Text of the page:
Saturday, June 9, 2001
About the time Jonathan Ota won the high school state championship in golf, 22-year-old Ryan Koshi was coming into this world. Not surprisingly, that played a factor in yesterday's marathon Manoa Cup match held on the hilly and windswept Oahu Country Club course.
Koshi outlasts Ota in
Manoa Cup, faces Asao
for match-play crown
By Paul Arnett
An hour after Hawaii Baptist Academy golfer Kellen-Floyd Asao secured a spot in today's 36-hole final of the 93rd annual match play event, Ota and Koshi fought on.
An eagle on the par-5 15th allowed Koshi to finally draw even with the 39-year-old Ota, a man he trailed by as many as three holes during the seven-hour match. It finally ended on the 37th hole with a tired Ota missing an 8-footer for par, setting center stage for Koshi and Asao.
"Ryan was the better man today," Ota said. "He's one of the top golfers in the state. I'm getting a little older, so I tried to sneak in one or two more Manoa Cups, while I can still walk it. When was I tired? Tuesday.
"With all these young kids, it's getting tough nowadays. I had a great match. I really had a great week. But I started getting tired on the 19th hole. It's hard walking this course. You're going to feel it."
Asao wasn't one to argue that point. Despite closing out 15-year-old Kamehameha Schools' Chris Caycayon at 3 and 2 with a par on the 16th, the 18-year-old was feeling the effects of the semifinals match.
"I'm so tired right now, I just want to get some sleep," Asao said, then smiled. His brother, Norman, made it to the final last year, before losing to Randy Shibuya.
"I will talk with him to get some tips," Asao said. "It's exhausting, but it feels good to make it this far. My brother has played against Ryan a few times. He's very good."
These days, the 22-year-old Koshi is a porter at Kahalui Airport on Maui. While advancing to the final is a good thing on the golf side of life for Koshi, a week away from work does hit the pocketbook.
"But it would be worth it to get a win here," Koshi said. "This is as far as I've advanced in this tournament. It's only my second time. I felt pretty good today. I made some bad shots.
"You're going to have some bad shots on a windy day like this. It's pretty strong out there. I came back on one hole and made that eagle on the 15th (33rd hole overall). That boosted my confidence a little bit. It was about 35 feet. I got lucky."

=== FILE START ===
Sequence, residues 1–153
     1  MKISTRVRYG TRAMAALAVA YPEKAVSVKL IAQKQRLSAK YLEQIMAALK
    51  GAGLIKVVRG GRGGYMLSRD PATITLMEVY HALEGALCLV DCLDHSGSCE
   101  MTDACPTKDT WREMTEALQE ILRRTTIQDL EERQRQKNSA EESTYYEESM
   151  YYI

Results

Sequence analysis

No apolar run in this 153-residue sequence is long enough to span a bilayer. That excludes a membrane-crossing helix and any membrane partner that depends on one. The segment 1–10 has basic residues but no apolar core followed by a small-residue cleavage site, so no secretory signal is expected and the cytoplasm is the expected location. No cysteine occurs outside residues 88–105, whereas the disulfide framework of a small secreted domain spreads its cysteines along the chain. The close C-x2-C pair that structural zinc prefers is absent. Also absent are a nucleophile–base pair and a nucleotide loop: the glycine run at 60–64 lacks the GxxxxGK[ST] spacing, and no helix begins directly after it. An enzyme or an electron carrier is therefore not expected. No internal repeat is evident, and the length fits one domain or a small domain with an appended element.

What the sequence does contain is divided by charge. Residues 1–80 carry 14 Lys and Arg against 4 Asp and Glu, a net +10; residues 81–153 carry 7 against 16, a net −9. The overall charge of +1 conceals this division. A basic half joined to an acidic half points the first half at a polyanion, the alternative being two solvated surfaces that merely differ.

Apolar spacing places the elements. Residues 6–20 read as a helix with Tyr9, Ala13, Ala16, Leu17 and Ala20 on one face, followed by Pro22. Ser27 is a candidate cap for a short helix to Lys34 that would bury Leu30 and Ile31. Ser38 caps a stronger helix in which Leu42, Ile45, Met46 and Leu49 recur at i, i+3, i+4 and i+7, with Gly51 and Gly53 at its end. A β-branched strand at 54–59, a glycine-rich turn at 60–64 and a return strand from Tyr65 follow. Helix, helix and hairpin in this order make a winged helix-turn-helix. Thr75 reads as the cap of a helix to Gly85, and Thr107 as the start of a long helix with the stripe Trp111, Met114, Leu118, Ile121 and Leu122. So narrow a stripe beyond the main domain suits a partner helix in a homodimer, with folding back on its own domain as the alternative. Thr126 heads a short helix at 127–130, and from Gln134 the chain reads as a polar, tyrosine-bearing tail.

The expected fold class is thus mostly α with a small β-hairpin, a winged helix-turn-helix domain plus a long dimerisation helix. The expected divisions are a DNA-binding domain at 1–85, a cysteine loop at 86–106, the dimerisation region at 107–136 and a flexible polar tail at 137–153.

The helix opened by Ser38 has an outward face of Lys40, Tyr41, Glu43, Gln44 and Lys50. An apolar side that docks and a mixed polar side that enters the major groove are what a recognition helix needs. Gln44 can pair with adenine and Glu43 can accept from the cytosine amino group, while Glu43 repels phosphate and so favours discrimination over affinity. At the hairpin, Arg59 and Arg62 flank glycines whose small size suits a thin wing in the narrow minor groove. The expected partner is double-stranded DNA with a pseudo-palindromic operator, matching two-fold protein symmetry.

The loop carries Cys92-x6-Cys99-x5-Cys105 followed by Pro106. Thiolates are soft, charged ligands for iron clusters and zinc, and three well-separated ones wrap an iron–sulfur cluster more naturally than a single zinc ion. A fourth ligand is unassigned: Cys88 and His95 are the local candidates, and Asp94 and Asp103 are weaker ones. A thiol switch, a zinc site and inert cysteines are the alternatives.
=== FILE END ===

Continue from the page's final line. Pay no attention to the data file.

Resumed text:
Luck didn't have much to do with Asao's win over Caycayon. He was 1-up after 18 holes, but wasn't able to distance himself from the 10th-grader until the back nine of the second round. Caycayon birdied the 15th to avoid a 4 and 3 fate, but the par-3 16th did him in.
"He stayed with me pretty much all day," Asao said of Caycayon, a golfer he has never faced in match play. "We've played against each other in stroke play, like the state tournament. He's tough.
"I felt like the birdie on the 19th hole (first of the second round) was big because I hadn't made many putts in the first round. I like match play because it awards you for taking chances. If you get a double and they birdie, you lose only one hole not three strokes."
Caycayon is just getting started with statewide events such as the Manoa Cup. He hopes the experience helps in the prep state tournaments that await him in the future.
"I learned today that you're never out of it, you can always come back," Caycayon said. "Match play is a lot different. You can fall behind early and still catch up. On this course, you have to hit the fairways and stay below the hole. You don't have a chance here above the hole."
That's sound advice for Koshi and Asao, who will be looking for their first Manoa Cup win. While this twosome has never squared off with so much on the line, they are familiar with each other's games. Asao and his family followed Koshi and Ota over the final five holes.
"The putts on 18 for par by both guys were clutch," Asao said of the 12-footer by Ota and the 8-footer by Koshi to send the match to the deciding 37th hole. "I knew whoever won that match would be a very good opponent."